“Go warm up…5 minutes on the treadmill, then we’ll go workout!”
A common phrase tossed around the gym by some newer and even some experienced trainers.
What is the point of a warm-up?
A good warm-up should contribute to all aspects of your workouts, including the physical and mental aspects. If jogging on a treadmill for 5 minutes at a moderate pace makes you feel prepared for heavy squats or deadlifts, go for it. Otherwise, aim for something that includes all of these:
Work on movements that mimic or compliment what is about to be performed
Increase neural activity in the muscles about to be worked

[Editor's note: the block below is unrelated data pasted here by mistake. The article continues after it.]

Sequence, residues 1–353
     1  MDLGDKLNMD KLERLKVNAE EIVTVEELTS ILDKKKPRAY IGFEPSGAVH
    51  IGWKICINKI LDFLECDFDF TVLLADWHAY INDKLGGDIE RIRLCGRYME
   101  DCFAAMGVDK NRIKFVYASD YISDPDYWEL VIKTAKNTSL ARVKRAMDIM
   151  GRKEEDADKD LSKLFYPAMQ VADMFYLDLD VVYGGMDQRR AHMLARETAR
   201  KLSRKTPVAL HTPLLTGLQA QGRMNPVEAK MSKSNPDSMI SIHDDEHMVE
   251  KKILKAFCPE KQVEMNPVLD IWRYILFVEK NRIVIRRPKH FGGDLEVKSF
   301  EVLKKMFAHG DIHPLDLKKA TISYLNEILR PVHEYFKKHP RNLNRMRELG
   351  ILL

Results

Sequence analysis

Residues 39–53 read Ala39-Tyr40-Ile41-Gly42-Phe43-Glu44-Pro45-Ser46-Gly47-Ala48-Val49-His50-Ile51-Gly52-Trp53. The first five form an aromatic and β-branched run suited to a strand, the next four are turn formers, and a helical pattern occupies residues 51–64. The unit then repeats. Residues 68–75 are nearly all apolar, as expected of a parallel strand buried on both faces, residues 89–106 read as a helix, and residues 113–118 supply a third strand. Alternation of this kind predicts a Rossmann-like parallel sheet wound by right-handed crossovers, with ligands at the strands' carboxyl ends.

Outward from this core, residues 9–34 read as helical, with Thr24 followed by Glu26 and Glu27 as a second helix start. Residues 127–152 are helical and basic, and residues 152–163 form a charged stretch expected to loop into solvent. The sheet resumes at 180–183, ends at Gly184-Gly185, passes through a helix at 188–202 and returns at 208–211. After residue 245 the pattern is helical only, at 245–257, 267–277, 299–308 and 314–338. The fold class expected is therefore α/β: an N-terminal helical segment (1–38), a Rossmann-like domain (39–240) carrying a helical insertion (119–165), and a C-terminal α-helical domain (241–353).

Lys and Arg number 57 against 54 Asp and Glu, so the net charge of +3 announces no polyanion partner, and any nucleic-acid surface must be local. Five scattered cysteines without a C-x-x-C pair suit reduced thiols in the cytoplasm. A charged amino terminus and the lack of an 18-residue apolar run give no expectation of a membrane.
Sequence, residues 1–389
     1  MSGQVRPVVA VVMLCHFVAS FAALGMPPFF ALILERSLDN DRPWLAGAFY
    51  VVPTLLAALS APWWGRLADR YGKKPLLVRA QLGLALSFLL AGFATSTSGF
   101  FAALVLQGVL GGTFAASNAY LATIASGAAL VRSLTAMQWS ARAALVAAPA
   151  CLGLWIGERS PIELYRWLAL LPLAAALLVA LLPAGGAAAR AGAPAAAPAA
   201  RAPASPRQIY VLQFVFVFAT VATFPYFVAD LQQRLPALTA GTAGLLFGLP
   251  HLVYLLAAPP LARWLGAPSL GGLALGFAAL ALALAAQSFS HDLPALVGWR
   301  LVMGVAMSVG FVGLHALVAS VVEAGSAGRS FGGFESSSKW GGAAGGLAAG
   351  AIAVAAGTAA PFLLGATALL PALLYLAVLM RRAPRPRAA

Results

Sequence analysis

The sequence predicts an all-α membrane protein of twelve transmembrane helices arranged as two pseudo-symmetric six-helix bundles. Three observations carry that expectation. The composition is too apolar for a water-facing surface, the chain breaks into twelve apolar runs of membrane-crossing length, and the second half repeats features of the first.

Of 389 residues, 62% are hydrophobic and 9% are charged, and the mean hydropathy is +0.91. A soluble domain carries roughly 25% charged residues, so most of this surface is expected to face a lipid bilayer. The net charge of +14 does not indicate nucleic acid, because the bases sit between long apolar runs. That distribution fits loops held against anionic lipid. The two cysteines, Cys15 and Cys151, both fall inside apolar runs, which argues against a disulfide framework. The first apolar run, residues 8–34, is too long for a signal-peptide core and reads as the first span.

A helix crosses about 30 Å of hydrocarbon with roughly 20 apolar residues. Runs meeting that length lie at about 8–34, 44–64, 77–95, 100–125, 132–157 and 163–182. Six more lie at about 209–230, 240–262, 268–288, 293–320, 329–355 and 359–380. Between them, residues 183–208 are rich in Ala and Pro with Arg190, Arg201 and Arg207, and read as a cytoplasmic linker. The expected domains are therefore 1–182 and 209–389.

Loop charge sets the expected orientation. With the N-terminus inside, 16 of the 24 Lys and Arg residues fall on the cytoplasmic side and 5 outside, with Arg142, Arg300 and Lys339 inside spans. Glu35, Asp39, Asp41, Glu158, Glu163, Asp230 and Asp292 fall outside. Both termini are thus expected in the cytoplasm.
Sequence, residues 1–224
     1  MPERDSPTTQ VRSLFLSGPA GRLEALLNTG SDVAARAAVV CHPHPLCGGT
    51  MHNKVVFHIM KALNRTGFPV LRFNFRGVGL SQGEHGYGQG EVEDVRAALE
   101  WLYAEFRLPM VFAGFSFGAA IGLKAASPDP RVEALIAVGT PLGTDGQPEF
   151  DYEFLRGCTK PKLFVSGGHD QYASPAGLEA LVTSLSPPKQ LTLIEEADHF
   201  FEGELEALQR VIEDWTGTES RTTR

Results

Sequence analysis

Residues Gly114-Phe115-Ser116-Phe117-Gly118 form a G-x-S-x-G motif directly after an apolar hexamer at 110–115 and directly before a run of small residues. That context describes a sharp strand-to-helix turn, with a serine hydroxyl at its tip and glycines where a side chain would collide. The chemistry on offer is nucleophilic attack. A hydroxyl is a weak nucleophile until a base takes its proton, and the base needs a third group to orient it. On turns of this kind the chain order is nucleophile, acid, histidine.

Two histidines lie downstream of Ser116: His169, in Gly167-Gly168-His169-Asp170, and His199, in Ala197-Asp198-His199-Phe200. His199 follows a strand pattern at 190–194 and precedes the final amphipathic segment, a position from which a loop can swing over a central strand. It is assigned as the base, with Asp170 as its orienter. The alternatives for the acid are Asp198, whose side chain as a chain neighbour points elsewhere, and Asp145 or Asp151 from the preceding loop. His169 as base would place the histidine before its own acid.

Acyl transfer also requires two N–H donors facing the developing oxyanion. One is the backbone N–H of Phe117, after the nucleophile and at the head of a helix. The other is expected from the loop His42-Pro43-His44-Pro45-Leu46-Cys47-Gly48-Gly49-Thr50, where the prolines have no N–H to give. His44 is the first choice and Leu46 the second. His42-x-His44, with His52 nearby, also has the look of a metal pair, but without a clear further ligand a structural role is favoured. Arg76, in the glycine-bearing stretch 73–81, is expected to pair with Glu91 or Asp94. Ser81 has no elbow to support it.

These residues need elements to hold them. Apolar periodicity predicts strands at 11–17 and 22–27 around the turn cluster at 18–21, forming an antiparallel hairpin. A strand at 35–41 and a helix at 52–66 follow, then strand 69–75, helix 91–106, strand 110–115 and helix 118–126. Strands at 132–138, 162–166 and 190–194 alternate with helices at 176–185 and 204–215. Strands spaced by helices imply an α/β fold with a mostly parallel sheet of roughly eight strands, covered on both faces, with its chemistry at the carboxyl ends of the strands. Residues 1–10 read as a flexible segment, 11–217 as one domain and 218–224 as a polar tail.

Reduce restrictions in muscle/fascial tissue allowing increased blood flow to muscles being worked
What difference does it make?
If you’re about to hit the bench for a heavy chest day, does it make sense to do a sitting leg crossover stretch to warm up? No, of course not; that wouldn’t help you prepare for a chest press in the slightest. If your goal is aimed at making your bench better, wouldn’t it make more sense to warm up with some work on shoulder stability, core engagement and some active chest mobility exercises? All stuff that you would need to do your bench press efficiently.
The point is to prepare your body for the workout and since you only have a finite amount of time in the gym each day, why waste a minute doing things that don’t help you get better. The process is actually quite simple, there are generally two variables to warm ups that are necessary:
Joint stability/Muscle activation
Changing neural tone of muscles/joint mobility